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Shipwreck revealed by shifting sands on South Shields beach – 117 years after vessel met her end

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The shifting sands of time have again revealed part of South Tyneside’s rich maritime history.

Gazette reader Ken Elliott has taken this picture of the wreck of what is believed to be the Constance Ellen –a sailing ship which foundered just south of the South Pier, South Shields, during a gale in 1901

The remains of the Constance Ellen. Picture by Ken Elliott

The remains of the Constance Ellen. Picture by Ken Elliott

The Constance Ellen is far from the only ship to be wrecked on this stretch of coastline.

The Norwegian barque Alphonse ran aground just north of Trow Rocks in 1910, spilling part of her cargo of silver sand.

The lifeboat Willie Wouldhave took off her crew of 29.

The Constance Ellen is one of the better-known wrecks in the area.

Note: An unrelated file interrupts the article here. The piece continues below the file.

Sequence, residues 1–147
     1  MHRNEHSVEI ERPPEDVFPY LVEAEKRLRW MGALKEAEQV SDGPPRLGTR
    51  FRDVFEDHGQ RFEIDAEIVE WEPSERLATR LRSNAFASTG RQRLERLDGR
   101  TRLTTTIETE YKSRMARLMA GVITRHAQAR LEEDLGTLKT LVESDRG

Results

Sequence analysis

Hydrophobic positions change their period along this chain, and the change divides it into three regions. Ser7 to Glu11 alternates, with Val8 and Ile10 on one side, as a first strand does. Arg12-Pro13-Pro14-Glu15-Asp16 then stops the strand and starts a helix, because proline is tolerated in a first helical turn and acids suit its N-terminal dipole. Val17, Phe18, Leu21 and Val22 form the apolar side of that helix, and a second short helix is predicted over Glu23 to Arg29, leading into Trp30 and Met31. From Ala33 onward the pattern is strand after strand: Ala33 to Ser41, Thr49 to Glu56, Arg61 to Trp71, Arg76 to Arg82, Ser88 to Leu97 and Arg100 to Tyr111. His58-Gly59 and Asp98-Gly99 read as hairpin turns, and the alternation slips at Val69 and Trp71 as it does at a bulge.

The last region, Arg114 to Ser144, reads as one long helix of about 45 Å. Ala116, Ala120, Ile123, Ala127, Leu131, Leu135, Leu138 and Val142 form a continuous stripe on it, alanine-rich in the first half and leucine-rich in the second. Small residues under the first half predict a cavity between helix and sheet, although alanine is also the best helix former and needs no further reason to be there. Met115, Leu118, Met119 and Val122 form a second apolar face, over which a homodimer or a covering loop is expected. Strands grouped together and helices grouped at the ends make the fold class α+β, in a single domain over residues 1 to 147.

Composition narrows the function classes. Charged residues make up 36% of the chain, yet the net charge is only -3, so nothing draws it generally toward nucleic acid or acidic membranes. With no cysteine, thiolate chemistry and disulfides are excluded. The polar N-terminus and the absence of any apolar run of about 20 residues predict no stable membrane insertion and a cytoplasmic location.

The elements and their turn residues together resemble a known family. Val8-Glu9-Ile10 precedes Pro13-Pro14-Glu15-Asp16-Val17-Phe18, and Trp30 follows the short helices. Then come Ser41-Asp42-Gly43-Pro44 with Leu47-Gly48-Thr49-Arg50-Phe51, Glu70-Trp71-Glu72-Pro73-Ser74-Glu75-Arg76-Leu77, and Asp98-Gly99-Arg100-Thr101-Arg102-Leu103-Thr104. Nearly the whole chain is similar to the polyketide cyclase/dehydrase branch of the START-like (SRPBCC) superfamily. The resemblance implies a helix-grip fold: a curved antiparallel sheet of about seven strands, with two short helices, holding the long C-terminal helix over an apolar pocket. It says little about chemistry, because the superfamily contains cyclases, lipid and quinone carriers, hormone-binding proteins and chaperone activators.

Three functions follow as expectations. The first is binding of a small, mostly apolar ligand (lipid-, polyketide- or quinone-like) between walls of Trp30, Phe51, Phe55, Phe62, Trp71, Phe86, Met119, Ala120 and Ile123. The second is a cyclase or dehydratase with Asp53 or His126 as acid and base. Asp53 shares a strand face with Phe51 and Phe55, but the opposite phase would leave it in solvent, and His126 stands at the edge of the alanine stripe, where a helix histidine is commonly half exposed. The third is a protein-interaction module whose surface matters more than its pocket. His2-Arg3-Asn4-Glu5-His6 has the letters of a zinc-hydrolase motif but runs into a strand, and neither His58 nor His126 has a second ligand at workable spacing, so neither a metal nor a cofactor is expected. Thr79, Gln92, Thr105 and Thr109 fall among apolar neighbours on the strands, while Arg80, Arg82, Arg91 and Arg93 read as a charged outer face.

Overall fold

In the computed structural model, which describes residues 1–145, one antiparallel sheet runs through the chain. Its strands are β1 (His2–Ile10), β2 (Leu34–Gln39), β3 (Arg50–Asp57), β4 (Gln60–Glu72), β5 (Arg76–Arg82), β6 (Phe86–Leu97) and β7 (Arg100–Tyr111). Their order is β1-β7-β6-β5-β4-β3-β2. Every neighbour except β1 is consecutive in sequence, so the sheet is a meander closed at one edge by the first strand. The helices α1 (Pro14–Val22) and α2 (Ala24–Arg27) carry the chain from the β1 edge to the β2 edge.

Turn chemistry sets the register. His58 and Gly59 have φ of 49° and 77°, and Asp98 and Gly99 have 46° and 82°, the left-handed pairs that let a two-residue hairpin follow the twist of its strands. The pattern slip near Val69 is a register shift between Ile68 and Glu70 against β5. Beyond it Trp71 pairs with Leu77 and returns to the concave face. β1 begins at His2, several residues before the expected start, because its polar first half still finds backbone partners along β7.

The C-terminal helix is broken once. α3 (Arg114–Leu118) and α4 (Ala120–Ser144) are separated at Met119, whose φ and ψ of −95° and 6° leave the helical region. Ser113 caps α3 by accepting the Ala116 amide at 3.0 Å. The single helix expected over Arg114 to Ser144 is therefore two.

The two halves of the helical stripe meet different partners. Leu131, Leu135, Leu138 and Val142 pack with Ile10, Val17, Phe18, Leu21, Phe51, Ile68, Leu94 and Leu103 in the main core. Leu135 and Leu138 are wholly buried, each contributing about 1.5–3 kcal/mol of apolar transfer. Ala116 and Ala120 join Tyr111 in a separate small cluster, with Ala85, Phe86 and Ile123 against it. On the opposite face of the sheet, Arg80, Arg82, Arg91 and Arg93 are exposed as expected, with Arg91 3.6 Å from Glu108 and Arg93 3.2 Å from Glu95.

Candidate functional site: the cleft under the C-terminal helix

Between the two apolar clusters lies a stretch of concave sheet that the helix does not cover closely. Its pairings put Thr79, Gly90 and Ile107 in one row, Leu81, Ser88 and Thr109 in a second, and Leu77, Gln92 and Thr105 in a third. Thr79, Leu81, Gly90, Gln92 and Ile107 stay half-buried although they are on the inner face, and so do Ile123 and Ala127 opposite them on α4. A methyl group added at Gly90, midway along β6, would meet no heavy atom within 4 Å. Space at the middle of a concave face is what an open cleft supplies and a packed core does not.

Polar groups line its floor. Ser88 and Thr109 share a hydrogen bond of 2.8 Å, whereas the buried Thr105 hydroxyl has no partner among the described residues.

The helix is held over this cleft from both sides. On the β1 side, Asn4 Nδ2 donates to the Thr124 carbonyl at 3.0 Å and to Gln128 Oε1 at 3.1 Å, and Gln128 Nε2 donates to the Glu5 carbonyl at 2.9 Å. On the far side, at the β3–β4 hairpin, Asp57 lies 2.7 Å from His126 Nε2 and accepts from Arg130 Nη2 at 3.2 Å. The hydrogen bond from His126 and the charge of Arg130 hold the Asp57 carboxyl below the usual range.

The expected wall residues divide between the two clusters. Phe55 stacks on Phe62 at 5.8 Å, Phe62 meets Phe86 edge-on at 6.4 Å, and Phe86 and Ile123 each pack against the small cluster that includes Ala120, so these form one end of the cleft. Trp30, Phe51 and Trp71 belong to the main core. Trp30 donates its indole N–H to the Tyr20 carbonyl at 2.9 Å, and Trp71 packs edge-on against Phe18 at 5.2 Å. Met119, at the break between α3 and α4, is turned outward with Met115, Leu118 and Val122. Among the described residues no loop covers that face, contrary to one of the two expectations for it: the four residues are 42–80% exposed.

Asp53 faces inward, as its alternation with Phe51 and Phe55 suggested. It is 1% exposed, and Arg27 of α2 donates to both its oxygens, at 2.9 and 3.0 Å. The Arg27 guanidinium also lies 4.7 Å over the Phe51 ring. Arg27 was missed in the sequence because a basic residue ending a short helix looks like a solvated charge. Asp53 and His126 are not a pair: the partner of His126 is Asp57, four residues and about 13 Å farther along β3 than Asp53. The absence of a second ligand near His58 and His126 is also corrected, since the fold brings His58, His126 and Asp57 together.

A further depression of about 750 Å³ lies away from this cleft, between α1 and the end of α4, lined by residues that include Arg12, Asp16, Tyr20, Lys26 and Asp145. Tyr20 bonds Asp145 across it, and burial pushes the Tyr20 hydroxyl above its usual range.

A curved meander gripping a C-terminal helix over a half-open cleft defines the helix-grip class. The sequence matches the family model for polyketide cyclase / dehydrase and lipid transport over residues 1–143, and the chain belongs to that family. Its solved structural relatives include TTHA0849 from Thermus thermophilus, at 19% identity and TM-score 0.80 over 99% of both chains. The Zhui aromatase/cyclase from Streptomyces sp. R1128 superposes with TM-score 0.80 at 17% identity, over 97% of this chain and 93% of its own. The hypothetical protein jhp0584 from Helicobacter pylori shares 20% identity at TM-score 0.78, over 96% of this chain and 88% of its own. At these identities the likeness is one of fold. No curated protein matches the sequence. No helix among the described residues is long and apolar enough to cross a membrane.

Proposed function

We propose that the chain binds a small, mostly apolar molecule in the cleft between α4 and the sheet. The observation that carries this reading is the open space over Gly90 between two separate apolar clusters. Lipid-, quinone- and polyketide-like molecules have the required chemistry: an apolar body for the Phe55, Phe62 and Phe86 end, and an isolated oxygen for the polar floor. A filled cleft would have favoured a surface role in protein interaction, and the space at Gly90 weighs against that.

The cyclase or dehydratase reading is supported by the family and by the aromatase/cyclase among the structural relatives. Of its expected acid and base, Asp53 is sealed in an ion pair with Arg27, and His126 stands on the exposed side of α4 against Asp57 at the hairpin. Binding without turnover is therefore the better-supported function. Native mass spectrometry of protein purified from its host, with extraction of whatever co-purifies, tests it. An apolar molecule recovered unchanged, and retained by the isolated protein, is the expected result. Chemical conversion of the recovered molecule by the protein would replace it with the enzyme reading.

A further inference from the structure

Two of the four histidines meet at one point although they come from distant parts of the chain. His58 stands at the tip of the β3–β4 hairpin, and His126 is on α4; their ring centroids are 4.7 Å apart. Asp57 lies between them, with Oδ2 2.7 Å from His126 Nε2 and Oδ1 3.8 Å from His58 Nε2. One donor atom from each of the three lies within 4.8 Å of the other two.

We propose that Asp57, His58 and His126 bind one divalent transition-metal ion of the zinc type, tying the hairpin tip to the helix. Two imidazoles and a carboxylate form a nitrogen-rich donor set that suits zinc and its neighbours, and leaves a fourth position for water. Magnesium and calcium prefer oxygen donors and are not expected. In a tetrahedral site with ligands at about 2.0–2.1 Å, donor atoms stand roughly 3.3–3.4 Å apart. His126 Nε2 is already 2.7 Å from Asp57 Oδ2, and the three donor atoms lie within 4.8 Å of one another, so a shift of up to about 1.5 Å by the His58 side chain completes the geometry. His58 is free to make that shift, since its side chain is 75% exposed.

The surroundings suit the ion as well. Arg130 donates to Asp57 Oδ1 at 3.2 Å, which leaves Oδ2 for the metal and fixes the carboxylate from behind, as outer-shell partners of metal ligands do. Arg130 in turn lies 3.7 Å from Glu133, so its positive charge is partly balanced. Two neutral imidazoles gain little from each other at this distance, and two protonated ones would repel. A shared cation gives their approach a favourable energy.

The Alphonse which ran aground near Trow Rocks in 1910

The Alphonse which ran aground near Trow Rocks in 1910

What is left of her emerges from the sand from time to time – depending on sea conditions, shifting sands and the strength of the tides.

The Littlehampton-registered ship foundered and was wrecked in the Great Gale of November 12 and 13 1901.

All eight sailors were saved. Previously, more of the wreck was exposed, but a lot of the wreckage was cleared away in the 1990s after a child was injured.

The two-masted vessel was carrying a cargo of iron bars from its home part to Bowness.

The wreck happened on the afternoon of November 12, and hurricane-force winds are said to have left the ship’s sails in shreds and led to the vessel being driven helplessly towards the shore. South Shields Volunteer Life Brigade was on standby throughout the crisis.

The crew fired five rockets over the ship before the men were taken off the ship by breeches buoy.

Thousands of people watched the operation from the shore.

Many ships damaged during the storm were re-floated, but the Constance Ellen was stuck fast because of the weight of her cargo.

The Sandwich-registered Lord Dufferin ran aground almost in the same place less than two hours after the Constance Ellen, and the Inverness-registered Golden Lily also ran into trouble in the harbour in the same storm.